10. Looper (Rian Johnson)
Grown-up science fiction are becoming a rare commodity these days. The whiz-bang nature of science fiction these days as evidenced by the dominance of superhero blockbusters can get tiring after a while. So it's quite refreshing to see Looper, a sophisticated, adult, R-rated and very complex time travel sci-fi thriller from writer-director Rian Johnson. It's about a group of assassins who murder people using time travel. The twisty nature of the film prevents me from saying anything further. It's thrilling, emotional and crazy in the best sense of the word.
9. Frankenweenie (Tim Burton)
This is based on Tim Burton's early short film about a boy grieving for his beloved pet Sparky decides to bring him back to life. It's an ingenious very kid-friendly retelling of the Frankenstein tale and at the same time, a love letter to classic monster movies. It's Tim Burton's best film in years and pretty much returns to his roots as a filmmaker.
8. Argo (Ben Affleck)
2012's Academy Award winner for Best Picture may not be my personal top choice but it earns its spot in my top 10. Ben Affleck further cements his reputation as one of cinema's most exciting filmmakers in tackling this true story of a daring rescue of six Americans trapped in Iran during the revolution. Even though you probably know the ending, the film manages to keep to you at the edge of your seat. It's also oddly quite moving.
7. Django Unchained (Quentin Tarantino)
This is a Quentin Tarantino film and as usual, there's a lot of controversy: the prevalent use of the n-word, the racial politics, the over-the-top violence, the lack of originality, Tarantino's off-screen comments. But as usual, love-him-or-hate-him, he delivers a fascinating film. I loved it. At first, I was troubled by the unusual structure which introduces what it ostensibly a fourth act but I've come to realize it's pretty clever. It's definitely a Tarantino film through and through.
6. The Master (Paul Thomas Anderson)
This is a very enigmatic film. Is it a thinly veiled critique of L. Ron Hubbard and Scientology? Is it a critique on organized religion in general? Is it simply a character study on two strange and differently damaged individual? It's all of those things and at the same time not exactly. Well, whatever what you make of it, it still does not change the fact it features a stunning performance from Joaquin Phoenix and he's backed by Philip Seymour Hoffman and Amy Adams who similarly give great performances. It's a film that stayed and haunted me.
5. Six Degrees of Separation from Lilia Cuntapay (Antoinette Jadaone)
This is a Filipino film. It's gonna be a long while before any of you have any access to it since it's obscure even over here but it's gaining a huge cult following among Filipino cinephiles. This is a film about a real-life character actress named Lilia Cuntapay who is often cast as a witch, a ghoul, ghost or creepy old lady in tons of Filipino horror films. It blurs the line between documentary and mockumentary in really funny, absolutely beautiful ways. It's both a love letter to and satirical look at the Philippine movie industry from the eyes of this lowly character actress who finally gets a chance to shine. It's very funny yet also unexpectedly moving.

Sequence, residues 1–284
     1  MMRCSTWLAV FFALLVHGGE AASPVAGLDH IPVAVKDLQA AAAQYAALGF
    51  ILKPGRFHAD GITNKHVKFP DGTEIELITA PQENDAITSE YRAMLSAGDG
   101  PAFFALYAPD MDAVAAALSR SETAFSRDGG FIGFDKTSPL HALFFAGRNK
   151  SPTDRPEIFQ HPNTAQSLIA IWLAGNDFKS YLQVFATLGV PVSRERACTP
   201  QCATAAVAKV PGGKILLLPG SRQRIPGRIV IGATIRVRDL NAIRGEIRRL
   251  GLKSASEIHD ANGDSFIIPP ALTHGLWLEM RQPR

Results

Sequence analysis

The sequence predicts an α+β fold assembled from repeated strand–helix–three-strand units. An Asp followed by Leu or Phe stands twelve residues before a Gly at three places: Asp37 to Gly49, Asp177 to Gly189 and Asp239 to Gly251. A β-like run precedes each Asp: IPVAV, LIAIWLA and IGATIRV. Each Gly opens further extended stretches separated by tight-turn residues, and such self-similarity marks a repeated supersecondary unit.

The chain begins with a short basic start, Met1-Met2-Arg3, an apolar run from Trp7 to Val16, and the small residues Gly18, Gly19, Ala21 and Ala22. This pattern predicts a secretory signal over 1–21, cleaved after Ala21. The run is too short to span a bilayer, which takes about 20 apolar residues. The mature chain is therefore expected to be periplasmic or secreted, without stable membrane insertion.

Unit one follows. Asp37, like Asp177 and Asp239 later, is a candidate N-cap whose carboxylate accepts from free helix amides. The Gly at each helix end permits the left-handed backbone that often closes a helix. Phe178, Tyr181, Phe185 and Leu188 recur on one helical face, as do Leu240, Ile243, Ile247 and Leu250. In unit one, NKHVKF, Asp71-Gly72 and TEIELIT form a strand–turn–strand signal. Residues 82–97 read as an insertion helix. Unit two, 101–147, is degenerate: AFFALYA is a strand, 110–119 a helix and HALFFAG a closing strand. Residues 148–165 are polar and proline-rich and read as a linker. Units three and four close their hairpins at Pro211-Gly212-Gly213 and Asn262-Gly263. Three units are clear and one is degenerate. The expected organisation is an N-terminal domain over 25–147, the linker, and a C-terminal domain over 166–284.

4. The Kid With a Bike (Jean Pierre Dardenne/Luc Dardenne)
The Dardenne Brothers are known for their beautiful minimalist dramas. There's no finer example than this magnificent piece of work. A boy seeking to get back together with his deadbeat father who abandoned him forms an uneasy relationship with a woman who inexplicably takes him in as her own. The filmmakers have described this as a "fairy tale" but in a gritty, realistic setting. Yet another crown jewel in the filmography of these great filmmakers.
3. Holy Motors (Leos Carax)
A film that defies explanation. The plot, if you even consider it that, concerns an actor going around in a limo driven by a woman going to their "jobs", basically acting out different, strange scenarios. No explanation is given. This is a film that is guaranteed to surprise you. Films like these can, admittedly, become somewhat irritating and pretentious but this is anything but. It is an extraordinary piece of cinema that reminds me how much I love movies.
2. Moonrise Kingdom (Wes Anderson)
This is pure Wes Anderson. And for me, that's not a bad thing. It's deceptively simple: A young boy falls in love with a young girl and they run away together but what director Wes Anderson and co-writer Roman Coppola did is take that premise and create this entire magical, beautiful world around it with interesting characters and despite all the quirkiness going around, a surprising degree of depth as well as humor that we come to expect of him. It is a remarkable work.
1. Amour (Michael Haneke)
It's kind of neat that my #1 and #2 films are both love stories from the opposite sides of the life spectrum. Amour deservedly won the Oscar for Best Foreign Language Film and is one of Michael Haneke's best works. Jean Louis Trintignant and Emmanuelle Riva, both giants of French cinema, give amazing performances as an elderly couple struggling to keep it together when one of them falls ill. Like a lot of Haneke's works, this film will haunt you for days. And it is the best films of 2012.
Runners-Up: Skyfall (Sam Mendes); Life of Pi (Ang Lee); 5 Broken Cameras (Emad Burnat/Guy Davidi); Lincoln (Steven Spielberg); The Cabin in the Woods (Drew Goddard).